“If a kid can start making 500 grand at age 18, that’s a year that you can’t get back if you decide to go to school,” Walters said. “For Terrance, he’s practicing and developing and taking advantages of opportunities that he wouldn’t have otherwise gotten in college.”

Wright, the Adelaide coach, said Ferguson’s maturity had impressed him. He works hard. He does not complain.

Wright often summons Ferguson to the gym for late-night workouts. “And I know Terrance will show up,” he said.

Ferguson was averaging 7.3 points per game off the bench as of Friday. His production may sound modest, but his coaches have been pleased with his progress. He is, after all, playing against grown men, and the 36ers did not sign him with the expectation that he would dominate the league. Instead, they hoped that he would be a consistent contributor, create some buzz and cement Adelaide as a destination for other American players with similar goals.

“To have a guy like that here, our fans can always say that he was a 36er when he’s off playing in the N.B.A.,” Wright said. “That’s big for people here. It connects them to the N.B.A., and it’s important for our marketing. Our logo was on ESPN. That’s not going to happen very often.”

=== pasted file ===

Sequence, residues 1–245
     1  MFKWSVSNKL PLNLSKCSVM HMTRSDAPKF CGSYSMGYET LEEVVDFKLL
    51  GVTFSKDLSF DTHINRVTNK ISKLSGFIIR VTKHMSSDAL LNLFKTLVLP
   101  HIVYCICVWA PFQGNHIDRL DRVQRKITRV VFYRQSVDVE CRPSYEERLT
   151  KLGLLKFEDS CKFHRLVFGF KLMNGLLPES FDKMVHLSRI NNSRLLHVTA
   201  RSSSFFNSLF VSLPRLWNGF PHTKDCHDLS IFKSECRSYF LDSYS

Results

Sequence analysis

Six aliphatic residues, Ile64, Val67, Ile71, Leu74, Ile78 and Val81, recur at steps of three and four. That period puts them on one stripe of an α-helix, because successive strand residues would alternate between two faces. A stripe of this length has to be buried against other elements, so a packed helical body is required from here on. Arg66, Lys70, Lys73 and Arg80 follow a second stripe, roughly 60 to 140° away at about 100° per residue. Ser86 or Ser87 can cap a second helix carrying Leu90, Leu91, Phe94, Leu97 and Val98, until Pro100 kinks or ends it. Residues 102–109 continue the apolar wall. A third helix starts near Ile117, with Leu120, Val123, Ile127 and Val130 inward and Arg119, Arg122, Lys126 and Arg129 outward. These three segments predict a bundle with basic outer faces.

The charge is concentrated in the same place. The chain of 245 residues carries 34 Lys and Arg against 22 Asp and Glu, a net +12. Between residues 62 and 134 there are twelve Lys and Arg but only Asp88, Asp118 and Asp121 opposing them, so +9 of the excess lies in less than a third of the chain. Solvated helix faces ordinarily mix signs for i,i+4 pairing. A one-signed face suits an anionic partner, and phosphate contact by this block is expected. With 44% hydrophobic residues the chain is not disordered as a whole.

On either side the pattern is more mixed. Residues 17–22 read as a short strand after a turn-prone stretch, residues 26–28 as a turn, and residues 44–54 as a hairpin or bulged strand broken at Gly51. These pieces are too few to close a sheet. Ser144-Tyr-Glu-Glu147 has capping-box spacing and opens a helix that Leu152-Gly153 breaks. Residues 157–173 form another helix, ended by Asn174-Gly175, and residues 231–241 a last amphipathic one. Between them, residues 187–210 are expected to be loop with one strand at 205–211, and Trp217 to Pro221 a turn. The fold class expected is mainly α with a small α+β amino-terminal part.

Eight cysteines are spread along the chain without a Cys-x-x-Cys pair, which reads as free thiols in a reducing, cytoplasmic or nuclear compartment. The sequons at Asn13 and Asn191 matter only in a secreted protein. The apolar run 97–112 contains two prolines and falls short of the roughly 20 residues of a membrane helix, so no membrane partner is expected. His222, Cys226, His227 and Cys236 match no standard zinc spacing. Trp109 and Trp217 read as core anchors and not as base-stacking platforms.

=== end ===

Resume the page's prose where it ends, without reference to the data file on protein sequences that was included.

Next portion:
Wright said he had already been approached by rival teams wanting to know how the 36ers had landed Ferguson.

“I told them, ‘No, I ain’t doing that,” said Wright, a former player at the University of Texas. “They said, ‘What do you mean?’ And I was like, ‘We ain’t that close!’”

For the 36ers, signing a player like Ferguson became feasible only when the National Basketball League made a significant rule change ahead of this season, increasing the permitted number of foreign-born players, or “imports,” on each team from two to three.

In past seasons, Wright needed to know that his two imports could be effective players right from the start — seasoned professionals, in other words. It would have been too much to expect an 18-year-old, even one as talented as Ferguson, to step in and assume that sort of role.